After official recognition, volunteers become a highly regarded part of hospital life

Staff and patients at Chesterfield Royal Hospital currently benefit from an army of unpaid help from a team of volunteers more than 100 strong.

Tuesday, 10th May 2016, 6:33 pm
Updated Tuesday, 10th May 2016, 7:36 pm
Volunteers Chloe Sanderson and Laura Backhouse

They ‘meet and greet’ at reception, sell treats from the mobile trolleys and some even drive the ‘Royal Rider’, transporting visitors around the sprawling hospital site.

And, over the next few years, volunteer manager Richard Ball hopes to expand the team, making the volunteers an even bigger part of the fabric of the hospital than they currently are.

He says: “When I came here two years ago the hospital didn’t have a proper volunteering system going.

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'Meeter and greeter', Roy Millington, 67

“There were 11 when I started and the first thing I did was to get them properly recognised by the hospital for the work they did.

“Voluntary services hasn’t always had the position it should have had but here right from the beginning I felt I had the full support of the top brass.”

The hospital has 126 volunteers at the moment but Richard hopes to increase the size of the team to between 250 and 300 over the next few years.

For every pound the programme costs to run, the hospital gets six back in return in unpaid work, making it a ‘no-brainer’ for any hard-pressed chief executive.

Richard Ball is the hospitals voluntary services coordinator

“I currently get about 20 to 30 applications a month and there isn’t really one personality type,” Richard explains.

“We say we take people aged between 16 and 90 but really there is no upper age limit.

“When I arrived I found one 90-year-old lady who had been volunteering in bereavement services for almost 30 years.

“She’s actually just retired and when she did I tried to nominate her for a Queen’s Award but she flatly refused it.”

'Meeter and greeter', Roy Millington, 67

As to why people volunteer, Richard says it can be for any number of reasons.

He said: “We get a lot of elderly or mature people who want to feel that they are still worth something and who enjoy the social aspects of the role.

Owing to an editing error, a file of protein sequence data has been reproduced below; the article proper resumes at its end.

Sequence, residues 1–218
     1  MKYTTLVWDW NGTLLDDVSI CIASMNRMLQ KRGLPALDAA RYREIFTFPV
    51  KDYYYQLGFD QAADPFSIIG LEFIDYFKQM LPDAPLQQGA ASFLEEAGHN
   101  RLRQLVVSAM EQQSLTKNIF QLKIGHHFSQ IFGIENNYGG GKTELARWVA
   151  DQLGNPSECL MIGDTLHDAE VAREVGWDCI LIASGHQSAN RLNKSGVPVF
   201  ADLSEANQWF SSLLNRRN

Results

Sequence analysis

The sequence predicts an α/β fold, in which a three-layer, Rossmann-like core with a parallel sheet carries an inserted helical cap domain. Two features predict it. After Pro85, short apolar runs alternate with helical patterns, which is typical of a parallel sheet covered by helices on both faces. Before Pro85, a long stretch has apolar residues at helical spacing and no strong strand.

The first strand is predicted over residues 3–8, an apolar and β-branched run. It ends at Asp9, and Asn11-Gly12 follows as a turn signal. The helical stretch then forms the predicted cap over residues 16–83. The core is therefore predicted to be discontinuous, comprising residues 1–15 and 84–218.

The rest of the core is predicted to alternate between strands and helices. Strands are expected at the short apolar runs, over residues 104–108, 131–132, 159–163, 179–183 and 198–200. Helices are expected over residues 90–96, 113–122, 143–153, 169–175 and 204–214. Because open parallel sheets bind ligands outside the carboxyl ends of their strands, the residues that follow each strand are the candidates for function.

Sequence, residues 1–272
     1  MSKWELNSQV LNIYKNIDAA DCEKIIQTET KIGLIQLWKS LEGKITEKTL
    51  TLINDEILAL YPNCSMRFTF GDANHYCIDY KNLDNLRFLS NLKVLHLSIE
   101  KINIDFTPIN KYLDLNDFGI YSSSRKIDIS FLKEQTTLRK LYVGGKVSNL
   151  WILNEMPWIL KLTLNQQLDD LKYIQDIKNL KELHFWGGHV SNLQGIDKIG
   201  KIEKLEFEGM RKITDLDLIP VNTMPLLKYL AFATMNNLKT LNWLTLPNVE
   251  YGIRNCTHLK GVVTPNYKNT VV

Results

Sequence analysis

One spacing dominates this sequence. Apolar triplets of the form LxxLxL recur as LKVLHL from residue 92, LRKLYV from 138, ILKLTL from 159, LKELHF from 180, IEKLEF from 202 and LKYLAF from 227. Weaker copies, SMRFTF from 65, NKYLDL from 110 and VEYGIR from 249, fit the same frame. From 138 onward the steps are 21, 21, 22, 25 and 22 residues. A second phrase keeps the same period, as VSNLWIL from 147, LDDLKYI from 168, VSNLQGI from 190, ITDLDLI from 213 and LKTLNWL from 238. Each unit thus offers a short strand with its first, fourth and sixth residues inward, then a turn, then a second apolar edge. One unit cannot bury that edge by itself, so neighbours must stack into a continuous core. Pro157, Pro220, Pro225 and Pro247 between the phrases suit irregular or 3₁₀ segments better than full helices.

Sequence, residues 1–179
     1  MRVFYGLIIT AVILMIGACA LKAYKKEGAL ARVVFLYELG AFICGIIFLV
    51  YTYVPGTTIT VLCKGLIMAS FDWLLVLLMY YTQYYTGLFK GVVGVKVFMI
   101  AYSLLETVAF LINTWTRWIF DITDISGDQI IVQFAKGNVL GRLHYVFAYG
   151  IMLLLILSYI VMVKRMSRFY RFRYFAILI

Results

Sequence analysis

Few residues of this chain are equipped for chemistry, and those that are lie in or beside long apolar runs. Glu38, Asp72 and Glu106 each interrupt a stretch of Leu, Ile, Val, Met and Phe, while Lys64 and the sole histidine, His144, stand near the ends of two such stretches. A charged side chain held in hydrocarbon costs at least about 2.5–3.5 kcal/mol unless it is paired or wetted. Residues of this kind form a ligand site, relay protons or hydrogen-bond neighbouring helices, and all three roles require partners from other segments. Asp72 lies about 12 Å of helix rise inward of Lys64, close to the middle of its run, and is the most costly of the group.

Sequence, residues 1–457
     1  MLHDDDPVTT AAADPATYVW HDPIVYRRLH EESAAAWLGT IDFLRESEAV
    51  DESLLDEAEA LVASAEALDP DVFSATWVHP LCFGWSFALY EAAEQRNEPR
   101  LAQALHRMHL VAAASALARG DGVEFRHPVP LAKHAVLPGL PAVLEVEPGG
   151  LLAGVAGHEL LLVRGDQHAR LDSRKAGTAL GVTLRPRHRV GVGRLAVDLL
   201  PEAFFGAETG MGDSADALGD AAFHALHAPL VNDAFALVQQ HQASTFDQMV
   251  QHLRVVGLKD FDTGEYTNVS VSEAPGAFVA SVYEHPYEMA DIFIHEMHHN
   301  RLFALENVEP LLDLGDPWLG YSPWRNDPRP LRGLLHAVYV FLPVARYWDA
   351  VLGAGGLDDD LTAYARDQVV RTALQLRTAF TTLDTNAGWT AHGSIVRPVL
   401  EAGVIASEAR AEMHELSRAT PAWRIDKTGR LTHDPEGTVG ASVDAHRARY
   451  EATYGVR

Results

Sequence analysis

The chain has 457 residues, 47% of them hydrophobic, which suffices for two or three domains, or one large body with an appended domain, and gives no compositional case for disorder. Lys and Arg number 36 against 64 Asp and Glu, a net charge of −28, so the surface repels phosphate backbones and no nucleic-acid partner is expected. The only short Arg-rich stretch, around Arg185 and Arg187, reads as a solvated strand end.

“Then we have people who want to ‘give something back’ to the service because they have had someone in hospital themselves.

“And we also get a lot of students wanting to get some experience as well.”

Richard Ball is the hospitals voluntary services coordinator

Many of these students come from the health and social care course at Chesterfield College.

Students who Richard has come across during his time working with volunteers have gone on to be doctors, nurses and midwives.

Speaking to some of the volunteers you do get a sense of the wide ranging backgrounds they come from.

Chloe Sanderson, 32, is mentoring one of the Chesterfield College students for Richard.

“I volunteer because I wanted to give something back from when the hospital has taken care of me and my family.

“Also it’s good preparation for when I go back into the world of work later this year and maybe a career change - possibly into healthcare.”

The volunteer Chloe is mentoring, 17-year-old Laura Backhouse, is studying nursing at Chesterfield College.

“It is a good way to see all the different wards and see where I’d like to work,” explains Laura.

“Although it isn’t work I am getting really good experience of seeing what goes on here.”

At the hospital’s swanky new reception, meeter and greeter, Roy Millington, 67, has just retired.

“The reason I volunteer is because I want to put something back into the community - I find it very rewarding.

“Standing here I also get to meet a lot of people - which I really enjoy.

“Some of the people I bump into here I haven’t seen for 30 years.”

Richard says the hospital also has a number of volunteers who suffer from mental and physical disabilities, something which is particularly close to his heart.

“I got involved in volunteering as a result of a serious health scare I had 13 years ago,” Richard explains.

“I was in a coma for three months and when I was getting back on my feet afterwards I started volunteering at Derby hospital, delivering newspapers on the wards.

“So I know about disability having experienced it and I think I have an empathy with how people feel.

“I also know what it feels like when people say here’s a chance because you grab it.”

If you are interested in volunteering at Chesterfield Royal or would like to find out more email [email protected] or call 01246 516348.